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We are using feature branches in Subversion for our development which is a very convenient way of keeping code within version control that is not yet ready for the mainline. However, whenever I go to merge the feature branch revision into the mainline it is a pain. Right now I go through the following steps:

  1. Check out the original feature branch revision to a new directory
  2. Perform a difference between my current development and the original feature branch directories with a tool like Beyond Compare
  3. Check out the current mainline revision to a new directory
  4. Merge the new/changed files into the current mainline directory.
  5. Perform a difference using my IDE to ensure all of the files are properly checked out/added to subversion
  6. Compile and test
  7. Commit

It seems to me that there is a lot of room for errors in this process and it makes me nervous every time I walk through the steps. Granted, everything is checked into Subversion on my feature branch, so a mistake at any step is recoverable.

I believe that Subversion 1.5 has a way to merge a branch into the mainline, but we are still using Subversion 1.4. What are other people using to simplify the steps of merging a feature branch in Subversion into their mainline development? Are you using different tools? Are you utilizing the merging feature in Subversion 1.5?

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I follow the same steps, but use SourceGear's DiffMerge as my comparison tool. It is a PITA, one thing I think TFS did very well and I miss. – cfeduke Nov 6 '08 at 18:21
Prior to upgrading to 1.5 (a luxury I had), I did the exact same steps with the exact same tool (Beyond Compare 3, which is great.) It was painstaking & sometimes tedious, but I never had problems. With SVN 1.5 (see below), life is a lot easier... – Dan Nov 7 '08 at 4:08
up vote 5 down vote accepted

I am using the new --reintegrate feature of Subversion 1.5 at the moment and I think it's amazing. It's much easier and much less error-prone than the manual way. The downside is, however, that the new merge features require both the repository and the client to be on 1.5 and the changes to the 1.5 repository preclude use by any clients other than 1.5... so to get the merge feature, it's basically an all-or-nothing scenario.

As to your original questions, you just need to keep very rigorous track of which main branch revisions you've merged into your working branch during development. Even with the --reintegrate feature of 1.5, however, it's still important to ensure that the reintegrated working copy of the main branch looks correct and compiles before you commit. It just basically makes life a lot easier (especially for longer-lived feature branches) because you don't have to keep rigorous logs as to what you've changed and when you've integrated changes from other branches to your feature branch.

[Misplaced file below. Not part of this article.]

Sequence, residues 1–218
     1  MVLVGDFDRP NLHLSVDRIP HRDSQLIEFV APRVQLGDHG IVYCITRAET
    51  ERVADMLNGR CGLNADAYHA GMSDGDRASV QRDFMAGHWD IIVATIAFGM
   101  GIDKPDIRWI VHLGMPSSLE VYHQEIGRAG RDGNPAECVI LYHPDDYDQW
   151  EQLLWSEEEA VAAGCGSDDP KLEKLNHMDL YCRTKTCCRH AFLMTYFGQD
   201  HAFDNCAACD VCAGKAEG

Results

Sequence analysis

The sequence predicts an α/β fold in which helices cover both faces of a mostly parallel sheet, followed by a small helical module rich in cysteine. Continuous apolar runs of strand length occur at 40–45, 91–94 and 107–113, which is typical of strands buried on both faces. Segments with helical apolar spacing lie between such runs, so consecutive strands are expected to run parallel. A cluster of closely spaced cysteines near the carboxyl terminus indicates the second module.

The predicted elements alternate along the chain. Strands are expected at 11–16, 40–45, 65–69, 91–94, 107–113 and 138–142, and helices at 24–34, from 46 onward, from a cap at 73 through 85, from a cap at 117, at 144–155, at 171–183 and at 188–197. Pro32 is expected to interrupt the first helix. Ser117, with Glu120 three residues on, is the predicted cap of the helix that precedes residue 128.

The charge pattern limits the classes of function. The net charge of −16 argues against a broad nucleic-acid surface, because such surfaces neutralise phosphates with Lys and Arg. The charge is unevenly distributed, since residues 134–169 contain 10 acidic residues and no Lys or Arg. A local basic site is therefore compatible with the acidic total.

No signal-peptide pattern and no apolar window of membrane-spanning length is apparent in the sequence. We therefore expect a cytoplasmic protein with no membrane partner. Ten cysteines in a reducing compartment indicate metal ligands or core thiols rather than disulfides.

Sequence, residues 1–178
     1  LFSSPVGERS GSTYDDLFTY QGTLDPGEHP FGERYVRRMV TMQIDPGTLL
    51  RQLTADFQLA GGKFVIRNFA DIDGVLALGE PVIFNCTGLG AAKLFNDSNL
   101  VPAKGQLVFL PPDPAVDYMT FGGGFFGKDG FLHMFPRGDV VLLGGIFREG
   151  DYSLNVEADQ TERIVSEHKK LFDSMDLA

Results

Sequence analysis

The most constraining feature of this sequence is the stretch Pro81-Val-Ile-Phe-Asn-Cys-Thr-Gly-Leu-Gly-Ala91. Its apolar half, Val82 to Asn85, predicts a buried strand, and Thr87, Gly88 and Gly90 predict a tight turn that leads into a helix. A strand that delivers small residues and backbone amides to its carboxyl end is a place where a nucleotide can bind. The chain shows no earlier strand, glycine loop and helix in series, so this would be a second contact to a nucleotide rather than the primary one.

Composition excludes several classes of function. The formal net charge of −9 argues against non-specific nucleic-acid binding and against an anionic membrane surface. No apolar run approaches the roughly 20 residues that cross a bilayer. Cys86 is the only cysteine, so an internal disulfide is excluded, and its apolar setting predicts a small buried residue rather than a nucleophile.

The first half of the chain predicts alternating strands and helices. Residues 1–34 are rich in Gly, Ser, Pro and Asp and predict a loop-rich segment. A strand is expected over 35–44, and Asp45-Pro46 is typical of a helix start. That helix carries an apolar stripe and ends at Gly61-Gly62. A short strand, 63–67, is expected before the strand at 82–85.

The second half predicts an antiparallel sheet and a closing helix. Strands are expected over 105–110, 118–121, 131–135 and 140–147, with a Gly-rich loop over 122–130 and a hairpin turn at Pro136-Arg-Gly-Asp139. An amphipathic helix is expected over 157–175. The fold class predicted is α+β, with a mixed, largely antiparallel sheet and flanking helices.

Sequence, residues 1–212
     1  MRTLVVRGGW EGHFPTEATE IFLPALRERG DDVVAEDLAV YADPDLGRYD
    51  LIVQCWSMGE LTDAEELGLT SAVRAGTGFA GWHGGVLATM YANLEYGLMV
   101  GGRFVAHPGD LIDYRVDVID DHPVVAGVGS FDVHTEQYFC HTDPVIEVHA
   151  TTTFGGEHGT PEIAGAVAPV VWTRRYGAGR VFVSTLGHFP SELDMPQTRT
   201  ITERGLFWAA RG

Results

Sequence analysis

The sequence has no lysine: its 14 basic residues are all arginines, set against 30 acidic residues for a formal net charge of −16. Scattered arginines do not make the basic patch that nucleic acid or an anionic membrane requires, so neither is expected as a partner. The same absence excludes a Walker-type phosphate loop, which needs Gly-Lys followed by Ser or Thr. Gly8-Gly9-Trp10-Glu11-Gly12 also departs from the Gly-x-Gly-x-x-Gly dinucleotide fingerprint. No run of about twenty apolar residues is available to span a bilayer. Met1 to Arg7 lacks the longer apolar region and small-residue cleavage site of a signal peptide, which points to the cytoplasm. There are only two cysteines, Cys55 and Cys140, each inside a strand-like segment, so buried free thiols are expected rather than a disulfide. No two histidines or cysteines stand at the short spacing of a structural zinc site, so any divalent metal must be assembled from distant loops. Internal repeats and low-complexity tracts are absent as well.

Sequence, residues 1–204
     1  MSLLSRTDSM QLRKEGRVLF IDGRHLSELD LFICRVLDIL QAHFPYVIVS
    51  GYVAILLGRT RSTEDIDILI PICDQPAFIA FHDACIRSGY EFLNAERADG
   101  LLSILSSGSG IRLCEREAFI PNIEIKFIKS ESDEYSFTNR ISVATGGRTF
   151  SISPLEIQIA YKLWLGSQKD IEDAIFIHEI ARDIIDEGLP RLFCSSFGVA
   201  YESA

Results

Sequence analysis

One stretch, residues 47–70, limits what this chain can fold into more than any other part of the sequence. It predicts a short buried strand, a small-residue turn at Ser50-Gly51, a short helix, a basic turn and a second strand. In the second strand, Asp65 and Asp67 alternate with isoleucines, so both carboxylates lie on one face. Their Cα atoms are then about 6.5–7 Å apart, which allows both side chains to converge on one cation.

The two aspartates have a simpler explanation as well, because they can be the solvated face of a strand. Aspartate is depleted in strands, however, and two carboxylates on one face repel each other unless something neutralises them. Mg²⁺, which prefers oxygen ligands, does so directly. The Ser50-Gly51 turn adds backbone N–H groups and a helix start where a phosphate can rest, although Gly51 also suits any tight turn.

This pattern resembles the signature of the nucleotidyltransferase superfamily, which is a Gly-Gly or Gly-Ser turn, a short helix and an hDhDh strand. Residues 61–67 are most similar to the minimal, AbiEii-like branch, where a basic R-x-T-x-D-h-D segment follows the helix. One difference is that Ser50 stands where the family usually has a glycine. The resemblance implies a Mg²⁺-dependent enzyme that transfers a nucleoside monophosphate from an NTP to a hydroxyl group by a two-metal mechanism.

The release notes documentation at is very well written and I would recommend looking it over briefly to see all the changes between 1.4 and 1.5 and for a good description on the new merging facilities.

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Good explanation. I recently upgraded to 1.5 & find it to be a MAJOR enhancement over 1.4. Your description above is on-point. – Dan Nov 7 '08 at 4:06
It's really worthwhile going to 1.5, the capabilities that merge tracking enables are well worth the effort. – Jim T Aug 7 '09 at 7:35
Now you might as well go to 1.6 though, of course :) – Jason Coco Aug 7 '09 at 13:05

Step 1, 2, 4 and 5 are built into subversion, the command 'svn merge' does it. On your working copy of the mainline type 'svn merge -r startrev:lastref svn://repository/branchurl'. Startref and lastref will be denote the revision-window, that should be merged into the mainline. 'svn://repository/branchurl' should be the URL of your branch.

Subversion 1.5 brings better support for this feature. You no longer need to specify the revisions you want to merge, as subversion now keeps information about merges and simply merge all revision not already merged.

Read more about it in the Subversion-book.

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If it's your branch you want to merge back to the mainline branch (i.e. you're not an integrator who does that for other developers), here's what you need to do:

  • Write down the revision at which you last merged the mainline into your branch (to keep it in sync). Let's call it "LASTSYNC"
  • check out the mainline branch into a new directory (like MergeFeatureBranchToTrunk), build it
  • in that branch, use svn merge "LASTSYNC":HEAD svn://path/to/FeatureBranch .
  • resolve conflicts (if any)
  • compile
  • test
  • check your changes with a diff tool to make sure everything looks good
  • commit back to mainline
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Have a look at svnmerge; it keeps track of the "what have I merged? what have I chosen to not merge?" part of the job for you, and relies on svn's "merge" command to do the heavy lifting.

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